Forty-six global business groups spanning finance, information technology, insurance and manufacturing have urged Beijing to revise its draft cyber rules, which they argue would hamper trade.
The signatories include industry associations from Asia, Australia, the United States, Mexico and Europe.
Foreign industry groups have made no secret of their concerns over China's draft cyber security law, which in June underwent a second of three parliamentary readings typically required before being adopted.
They say the draft regulations, as well as cyber rules from China's insurance regulator, include provisions for invasive government security reviews and onerous requirements to keep data in China.
"Trade-inhibiting security reviews" for ICT products and services under the rules may weaken security and constitute technical barriers to trade under the World Trade Organisation, the groups said in a letter addressed to Chinese premier Li Keqiang.
Broad data residency requirements "would impede economic growth and create barriers to entry for both foreign and Chinese companies", they said, urging China to revise the rules.
"The current drafts, if implemented, would weaken security and separate China from the global digital economy."
China's Foreign Ministry did not respond immediately to a request for comment on the letter.
Chinese officials have said the cyber security rules, along with internet restrictions including the blocking of popular foreign sites like Google and Facebook, are needed to ensure security against growing threats like terrorism.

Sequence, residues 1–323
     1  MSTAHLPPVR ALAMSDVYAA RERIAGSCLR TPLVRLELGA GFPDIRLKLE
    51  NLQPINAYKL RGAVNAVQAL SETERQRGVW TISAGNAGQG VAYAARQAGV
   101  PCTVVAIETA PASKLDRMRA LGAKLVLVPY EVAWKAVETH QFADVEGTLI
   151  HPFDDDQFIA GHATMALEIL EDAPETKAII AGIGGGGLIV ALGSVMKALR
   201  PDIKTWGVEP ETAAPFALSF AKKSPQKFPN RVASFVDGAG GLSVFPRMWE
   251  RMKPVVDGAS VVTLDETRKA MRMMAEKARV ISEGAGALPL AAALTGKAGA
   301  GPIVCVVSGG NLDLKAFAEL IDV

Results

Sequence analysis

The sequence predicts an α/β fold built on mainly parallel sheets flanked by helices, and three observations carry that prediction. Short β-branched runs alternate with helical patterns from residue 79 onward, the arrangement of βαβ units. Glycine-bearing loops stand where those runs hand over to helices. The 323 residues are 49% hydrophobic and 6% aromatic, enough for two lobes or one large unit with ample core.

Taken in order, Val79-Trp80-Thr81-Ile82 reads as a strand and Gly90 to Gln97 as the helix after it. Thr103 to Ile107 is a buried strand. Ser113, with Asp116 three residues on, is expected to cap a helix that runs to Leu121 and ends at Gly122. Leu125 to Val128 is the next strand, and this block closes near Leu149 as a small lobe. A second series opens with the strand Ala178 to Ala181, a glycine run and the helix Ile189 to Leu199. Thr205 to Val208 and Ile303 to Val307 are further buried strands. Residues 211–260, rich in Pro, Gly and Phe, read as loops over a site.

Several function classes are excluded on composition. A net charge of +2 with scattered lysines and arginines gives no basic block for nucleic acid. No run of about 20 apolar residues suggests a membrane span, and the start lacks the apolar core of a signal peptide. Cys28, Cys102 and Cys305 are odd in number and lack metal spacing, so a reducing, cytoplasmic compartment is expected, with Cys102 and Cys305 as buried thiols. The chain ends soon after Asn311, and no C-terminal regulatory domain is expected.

The first draft of the cybersecurity law, published more than a year ago, toughened user privacy protection from hackers and data resellers, but also boosted the government's powers to access and block dissemination of private information records that Chinese law deems illegal.
It is not clear when the law may be adopted, but it could undergo a final reading by the standing committee of the National People's Congress, or parliament, later this year.
The petition from the industry groups came as China prepares to host world leaders at the G20 summit in the eastern Chinese city of Hangzhou in September.
Beijing hopes it will be a platform to address slower economic growth and rising protectionism, even as it struggles to make difficult reforms at home.
Foreign businesses in China are becoming increasingly pessimistic, in part due to rules that companies think could make it harder to operate there.
The cyber rules have added to problems between China and its trade partners, from overcapacity in the steel sector to worries about Beijing's Made in China 2025 plan, which calls for a progressive increase in domestic components in sectors such as advanced information technology and robotics.